Jose Mourinho Slammed by Johan Cruyff, Claims He Is Losing Chelsea Dressing Room

Nick AkermanFeatured ColumnistApril 7, 2014

Chelsea's manager Jose Mourinho gestures as he watches his team plays from the technical area during a Champions League quarterfinal first leg soccer match between Paris Saint-Germain and Chelsea at Parc des Princes stadium in Paris, Wednesday, April 2, 2014. Paris Saint Germain won 3-1. (AP Photo/Michel Euler)
Michel Euler

Dutch legend Johan Cruyff has criticised Jose Mourinho for turning on his players when things go bad, an occurrence he believes has happened at both Chelsea and Real Madrid.

Cruyff spoke ahead of the Blues' crucial Champions League quarter-final second-leg tie with Paris Saint-Germain, who lead 3-1 after last week's comfortable home victory, per Joe Wright of

PSG have a strong team with some great players. Chelsea have some great players as well, but Mourinho seems to disagree.

It's always the same with him. When things are going well, it's the result of his good work, but the players are to blame when things are going badly. He already lost the dressing room at Real Madrid because of that and I can see the same happen at Chelsea.

Bruno Gonzalez

Cruyff also went on to claim Mourinho "only cares about results" and "the result is more important than his players," citing he prioritises the "short-term."

The former Barcelona manager's damning words come after a string of outbursts by Mourinho. He has continued to criticise his players in recent times, despite downplaying Chelsea's chances of silverware by outlining them as a "little horse."

Mourinho's most recent frustration was shown after the initial match against PSG, in which his forwards failed to influence the game. Fernando Torres was dropped before the match, with Mourinho opting to start Andre Schurrle as his most advanced player, instead of an out-and-out striker.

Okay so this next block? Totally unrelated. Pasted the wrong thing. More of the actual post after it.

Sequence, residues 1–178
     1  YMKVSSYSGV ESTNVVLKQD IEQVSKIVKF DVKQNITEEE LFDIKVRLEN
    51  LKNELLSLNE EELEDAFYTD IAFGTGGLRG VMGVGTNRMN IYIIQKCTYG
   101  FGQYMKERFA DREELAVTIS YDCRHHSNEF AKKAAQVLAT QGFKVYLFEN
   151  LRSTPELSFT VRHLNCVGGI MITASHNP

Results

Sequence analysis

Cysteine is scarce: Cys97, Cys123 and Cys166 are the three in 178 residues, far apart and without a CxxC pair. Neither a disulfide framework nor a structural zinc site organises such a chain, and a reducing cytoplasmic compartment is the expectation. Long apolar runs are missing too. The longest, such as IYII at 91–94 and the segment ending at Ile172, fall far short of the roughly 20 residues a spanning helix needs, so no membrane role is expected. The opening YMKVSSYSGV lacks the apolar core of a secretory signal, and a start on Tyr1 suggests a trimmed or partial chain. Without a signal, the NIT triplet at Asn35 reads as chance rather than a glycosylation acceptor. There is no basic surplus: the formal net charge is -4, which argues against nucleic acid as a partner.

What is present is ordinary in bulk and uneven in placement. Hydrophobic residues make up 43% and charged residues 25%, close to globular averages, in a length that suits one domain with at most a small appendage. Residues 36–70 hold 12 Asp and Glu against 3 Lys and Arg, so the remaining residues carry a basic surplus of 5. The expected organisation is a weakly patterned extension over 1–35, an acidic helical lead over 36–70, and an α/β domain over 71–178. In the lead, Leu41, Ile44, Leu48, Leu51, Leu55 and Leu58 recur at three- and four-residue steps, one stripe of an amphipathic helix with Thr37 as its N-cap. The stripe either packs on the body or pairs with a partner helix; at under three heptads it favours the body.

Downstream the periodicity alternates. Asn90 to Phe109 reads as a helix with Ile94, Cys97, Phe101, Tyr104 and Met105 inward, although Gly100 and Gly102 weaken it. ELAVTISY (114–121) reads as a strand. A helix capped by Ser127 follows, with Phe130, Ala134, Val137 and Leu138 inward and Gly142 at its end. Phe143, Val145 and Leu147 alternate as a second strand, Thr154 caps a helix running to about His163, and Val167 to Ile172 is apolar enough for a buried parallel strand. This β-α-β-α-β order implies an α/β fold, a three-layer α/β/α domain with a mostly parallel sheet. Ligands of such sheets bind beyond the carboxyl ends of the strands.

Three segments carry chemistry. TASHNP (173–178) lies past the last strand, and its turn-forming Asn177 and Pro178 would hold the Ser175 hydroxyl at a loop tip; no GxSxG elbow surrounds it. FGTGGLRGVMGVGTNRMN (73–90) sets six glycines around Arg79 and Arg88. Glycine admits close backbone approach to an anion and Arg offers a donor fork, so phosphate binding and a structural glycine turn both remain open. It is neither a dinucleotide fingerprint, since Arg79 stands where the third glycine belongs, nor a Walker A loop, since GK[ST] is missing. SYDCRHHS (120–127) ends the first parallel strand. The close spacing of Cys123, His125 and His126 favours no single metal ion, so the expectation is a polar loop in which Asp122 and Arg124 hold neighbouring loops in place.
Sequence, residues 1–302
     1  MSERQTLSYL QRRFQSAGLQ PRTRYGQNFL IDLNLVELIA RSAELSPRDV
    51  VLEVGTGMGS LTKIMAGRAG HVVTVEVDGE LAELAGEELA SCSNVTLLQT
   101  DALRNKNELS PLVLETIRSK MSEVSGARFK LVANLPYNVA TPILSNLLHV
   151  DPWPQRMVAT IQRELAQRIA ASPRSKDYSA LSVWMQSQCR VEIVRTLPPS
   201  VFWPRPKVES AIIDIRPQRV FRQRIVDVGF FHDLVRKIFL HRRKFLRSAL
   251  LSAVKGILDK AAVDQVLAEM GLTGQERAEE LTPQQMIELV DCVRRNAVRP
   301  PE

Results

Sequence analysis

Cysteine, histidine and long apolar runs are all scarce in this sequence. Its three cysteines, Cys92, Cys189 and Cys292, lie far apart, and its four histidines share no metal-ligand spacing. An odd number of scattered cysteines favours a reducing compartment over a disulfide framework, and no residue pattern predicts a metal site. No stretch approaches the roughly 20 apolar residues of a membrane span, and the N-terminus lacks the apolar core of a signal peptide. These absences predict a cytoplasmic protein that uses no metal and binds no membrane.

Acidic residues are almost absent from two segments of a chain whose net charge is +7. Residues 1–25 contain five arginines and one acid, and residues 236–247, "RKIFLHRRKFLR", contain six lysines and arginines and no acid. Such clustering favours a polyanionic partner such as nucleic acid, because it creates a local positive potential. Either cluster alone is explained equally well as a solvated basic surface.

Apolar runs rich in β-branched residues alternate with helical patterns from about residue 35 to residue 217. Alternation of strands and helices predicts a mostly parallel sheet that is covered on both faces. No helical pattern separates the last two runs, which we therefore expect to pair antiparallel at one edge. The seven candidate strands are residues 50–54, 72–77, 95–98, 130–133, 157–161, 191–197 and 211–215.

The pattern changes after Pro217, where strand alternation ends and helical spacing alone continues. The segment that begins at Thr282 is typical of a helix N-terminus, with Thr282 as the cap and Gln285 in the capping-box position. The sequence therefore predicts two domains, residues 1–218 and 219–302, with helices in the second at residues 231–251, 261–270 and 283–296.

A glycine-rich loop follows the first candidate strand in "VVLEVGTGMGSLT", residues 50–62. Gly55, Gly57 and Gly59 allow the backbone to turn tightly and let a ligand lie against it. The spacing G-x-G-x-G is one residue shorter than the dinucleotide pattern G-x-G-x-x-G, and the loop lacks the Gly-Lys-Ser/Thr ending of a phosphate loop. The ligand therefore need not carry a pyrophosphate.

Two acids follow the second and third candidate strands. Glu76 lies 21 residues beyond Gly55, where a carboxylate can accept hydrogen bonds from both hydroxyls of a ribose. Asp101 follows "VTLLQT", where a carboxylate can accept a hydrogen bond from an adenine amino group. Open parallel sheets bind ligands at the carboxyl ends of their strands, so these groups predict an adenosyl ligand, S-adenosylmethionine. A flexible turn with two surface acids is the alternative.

Neil Ashton of the Daily Mail reported Mourinho's comments after the match:

I’m not happy with my strikers’ performances so I had to try things. And with Andre at least I know we have one more player to have the ball, one more player to associate with the other players, even though he’s not a striker.

But football is not just about that. It’s also about scoring goals, getting behind, and that is for strikers. Real strikers.

Sang Tan

This negative review came just a few weeks after Mourinho was secretly filmed mocking Samuel Eto'o's age and saying, "The problem with Chelsea is I lack a striker," per The Telegraph.

Mourinho is famous for taking the spotlight off his players and focusing media attention on himself with memorable quotes, but as the campaign has developed, his public responses have changed dramatically. His post-PSG dig at Torres was noticed by many, including Ketil B. Stensrud of the Associated Press:

Whether Mourinho's harsh words are a cry to his board for squad reinforcements remains to be seen. He is clearly hunting a world-class striker—perhaps Atletico Madrid's Diego Costa, per Marc Williams of The Independent—suggesting this could be his way of coaxing Roman Abramovich into spending.

The manager's continued annoyance at his strikers isn't going to galvanise confidence ahead of the second leg with PSG. Although Chelsea just need a 2-0 win to advance, a result that will be dependent on the output of his front men, Mourinho's glum attitude seems to throw in the towel before his players even step onto the pitch.

This kind of behaviour is sure to eventually cause friction. As Cruyff's words hint, Mourinho may want to begin appreciating his players in the public sphere or else risk losing their commitment far sooner than Abramovich can land a new crop.


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